Medicine is as old as time, just not really what we expect it to be. While the Greeks (like Hippocrates) constantly worked on improving their skill, it kind of took a step back during the Middle Ages. That does not mean it was all bad though…
This year, an incredible discovery was made. The ‘superbug’ called MRSA has been hard to fight for many years as it is resistant to antibiotics. Patients who get ill from MRSA are kept under the care of hospitals, in isolation until the ‘superbug’ passes through the system. But now, there might finally be a cure! The Anglo-Saxons used this medicine to treat eye infections. Yes, you read that correctly: the Anglo-Saxons. So get your cauldron, we’re going medieval style!
Who would have thought that a mixture of wine, garlic and gastric acid would be a cure? It sounds more like poison! Instead, this is the cure that was (re-)discovered in a medical textbook from the 10th century and during the first rounds of tests, it killed up to 90% of all MRSA bacterias. The recipe was so helpfull, that nine more recipes will be recreated and tested on present diseases that are related to past bacterias.
The Dark Ages are not remembered for scientific accomplishments. Part of that is with a good reason, as history shows us that after the fall of the Roman Empire, more and more diseases started to ‘run free’. The Black Death alone cost more than 20 million people, one third of Europe’s population, their life between 1347 and 1351. As terrible as that was, it was also the reason why people started to realise why ‘medical school’ was important for doctors, and in the Renaissance science finally took over medicine again.
Finally! Because even though the 10th century now gives us a cure against the ‘superbug’, there was even more rubbish going around. Here are five examples the some crazy (and very non-helpful) ‘cures’ from ancient times:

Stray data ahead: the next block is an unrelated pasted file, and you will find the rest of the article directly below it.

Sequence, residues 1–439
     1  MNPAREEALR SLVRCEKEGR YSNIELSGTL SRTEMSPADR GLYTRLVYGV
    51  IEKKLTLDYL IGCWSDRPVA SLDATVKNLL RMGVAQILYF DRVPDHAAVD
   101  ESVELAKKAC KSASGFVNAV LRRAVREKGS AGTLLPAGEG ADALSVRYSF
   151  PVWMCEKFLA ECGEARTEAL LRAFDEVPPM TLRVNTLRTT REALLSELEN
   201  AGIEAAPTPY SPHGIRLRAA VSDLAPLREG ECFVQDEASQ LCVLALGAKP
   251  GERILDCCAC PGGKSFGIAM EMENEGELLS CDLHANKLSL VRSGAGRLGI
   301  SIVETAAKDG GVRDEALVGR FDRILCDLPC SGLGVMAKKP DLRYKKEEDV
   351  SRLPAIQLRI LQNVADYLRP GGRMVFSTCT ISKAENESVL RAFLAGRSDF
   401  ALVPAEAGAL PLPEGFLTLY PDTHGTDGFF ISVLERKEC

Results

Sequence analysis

- Urine as antiseptic.
This sounds gross, and it was. It wasn’t a common practice, but there are sources that show that it was used by almost every ancient civilization to treat infections. The surgeon of king Henry VIII recommended it to treat battle wounds. It does seem that urine does have some helpful components, but it does need to be treated which did not happen in the Middle Ages. It is, however, very useful against the stings of jellyfish!
- Red-hot iron against hemorrhoids.
Trouble with hemorrhoids? In medieval times they had a very… effective cure for it. A red-hot iron iron was pressed up the anus by monks. This very painful, and rather dangerous method was used until the 12th century. After that physicians discovered that a good bath was more effective. Sounds nicer to.
- Boring in the skull.
Splitting headaches? Epilepsy? Or just plain crazy? Don’t worry, we’ll just drill a hole into your skull! Fixes everything! You could see trepanning as the very first form or neurosurgery, but most of the times it was fatal as exposing the brain directly to air, as was done, and its germs was usually a death sentence.
- Finding the vein.
Another ‘miracle cure’ for everything: bloodletting. According to ancient doctors, your body consisted of four fluids: blood, yellow bile, black bile and phlegm. These four fluids could cause illnesses because of an excess of deficiency, and most often an ‘excess of blood’ was seen as the wrongdoer. People believed this so badly, that they had large amounts of blood drained regularly to stay healthy. I would recommend eating a piece of fruit…
- Astrology as medical practice.
When all hope is lost, turn to superstition. In the Dark Ages, astrology was considered ‘magic’. Often astrologists were more like biologists, meteorologists, astronomists, and quacks all in one. So if you had a medical condition, you would go to an astrologist for a diagnosis, which was often based on vague theories of stars and constellations. This superstition was so strong, that by 1500 it was obligatory for a physician to consult a patient’s horoscope before the start of any treatment! If my doctor shows up with charts of the movement of the sun, I will ask if he needs help instead of me.